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What can I do to set myself apart?

 
Alan Blass
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Hi!

I have been working in this company for more than two years. I am good at my coding but I hope to earn a promotion in this technical line.

What can I do to set myself apart from other fresh grads/seasoned programmers who are also good at coding?

What is the necessary skills in this field? How should I develop them?

Thanks for your advice.
 
Jeanne Boyarsky
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Do you meet your commitments for time/quality? Could you do better in either of these? Are there areas of programming/technology your teammates know that you don't? Is there anything that needs doing on your team to make things better?

I'm offering a lot of questions because it is easy to offer general advice like "learn X." But for a promotion at your current job, it tends to be more specific.
 
Alan Blass
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Hi!

I meet the commitments for time/quality. In fact, I exceed it.

Yes, you are right. I need to improve on technology knowledge, especially the newest trends.

But I seems to fear my soft skills. Eg. I have a team leader. But I feel that he, as well as senior managers, are mostly politicians rather than technologist/businessmen.

They talk about customer trusts, expectations, persuasion, etc.
I think it is part of business. How can I fit in? Especially I am a programmer.
 
Jeanne Boyarsky
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You want to be a software developer, not a programmer. A programmer just codes exactly what someone tells him/her to. A developer does design, understands the business/requirements/etc in addition to writing code.

Soft skills take practice too and are important as you progress.
 
Henry Wong
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Alan Blass wrote:
But I seems to fear my soft skills. Eg. I have a team leader. But I feel that he, as well as senior managers, are mostly politicians rather than technologist/businessmen.

They talk about customer trusts, expectations, persuasion, etc.
I think it is part of business. How can I fit in? Especially I am a programmer.



Here is a quote from a very good TV show...

“You’re not good at relationships because you don’t value them.” -- Roger Sterling, Mad Men


There is nothing wrong with hating the customer relationship part of the job, especially all the (what seems like manushia) details that is part of it. There is also nothing wrong with not taking a position that deal with customers -- at that level. However, if you want to "fit in", you should at least value those jobs -- and calling your colleagues "politicians" (which I assume is meant to be derogatory) for doing them isn't a good idea.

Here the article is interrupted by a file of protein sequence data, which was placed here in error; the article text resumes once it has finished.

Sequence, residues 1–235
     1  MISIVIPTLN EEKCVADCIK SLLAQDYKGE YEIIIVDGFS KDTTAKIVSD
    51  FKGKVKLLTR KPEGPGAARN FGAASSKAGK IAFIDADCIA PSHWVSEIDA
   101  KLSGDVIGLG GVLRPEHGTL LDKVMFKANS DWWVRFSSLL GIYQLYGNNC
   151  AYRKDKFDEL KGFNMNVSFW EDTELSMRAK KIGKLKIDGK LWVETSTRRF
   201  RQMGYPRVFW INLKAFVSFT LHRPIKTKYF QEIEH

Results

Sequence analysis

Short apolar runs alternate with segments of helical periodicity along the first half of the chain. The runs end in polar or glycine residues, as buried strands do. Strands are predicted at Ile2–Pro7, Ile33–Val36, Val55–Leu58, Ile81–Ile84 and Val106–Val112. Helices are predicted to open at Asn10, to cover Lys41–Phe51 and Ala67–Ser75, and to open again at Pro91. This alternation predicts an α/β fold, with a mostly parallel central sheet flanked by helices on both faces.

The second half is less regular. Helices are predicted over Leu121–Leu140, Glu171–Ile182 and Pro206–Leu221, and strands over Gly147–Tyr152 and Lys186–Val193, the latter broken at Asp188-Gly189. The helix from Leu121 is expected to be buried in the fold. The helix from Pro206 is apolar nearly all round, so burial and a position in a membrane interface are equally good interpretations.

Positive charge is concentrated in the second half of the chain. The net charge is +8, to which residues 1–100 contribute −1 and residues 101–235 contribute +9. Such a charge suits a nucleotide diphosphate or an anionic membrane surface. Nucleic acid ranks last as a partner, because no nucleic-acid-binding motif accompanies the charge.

In other words, your colleagues are doing an important job, that you hate doing. Doesn't that deserve some respect?

Henry
 
Deepak Bala
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Its good that you are asking these questions. It shows that you are willing to learn and want to do better.

But I seems to fear my soft skills


That is something you can work on. What grips you with fear most ? Writing emails / Presentations / Conferences / Team meetings ? Force yourself to participate more in your weak areas and strengthen them. Toast masters is a great way to get over your fear of speaking at events for example.

What is the necessary skills in this field? How should I develop them?


The answer is usually handed out to you in subtle ways.

* When you manager complains about something, you can take the initiative to fix it. Putting your hand up will get you noticed.
* Do you expect the customer will run into a problem ? Fix it before they do and then make a mention of it to your manager and the customer.
* <Insert incident here where you could have been proactive>
 
Alan Blass
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There is nothing wrong with hating the customer relationship part of the job, especially all the (what seems like manushia) details that is part of it. There is also nothing wrong with not taking a position that deal with customers -- at that level. However, if you want to "fit in", you should at least value those jobs -- and calling your colleagues "politicians" (which I assume is meant to be derogatory) for doing them isn't a good idea.

In other words, your colleagues are doing an important job, that you hate doing. Doesn't that deserve some respect?

Henry


My apologies. Politicians are not hated here, at least not in my country. I just feel that my colleagues are doing more than the technical aspect of the job.

I do not hate what they are doing. I need to learn from them.

Thanks
 
arulk pillai
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Earn a reputation as a "go to person" and someone who gets things done without just getting glued to the keyboard.
 
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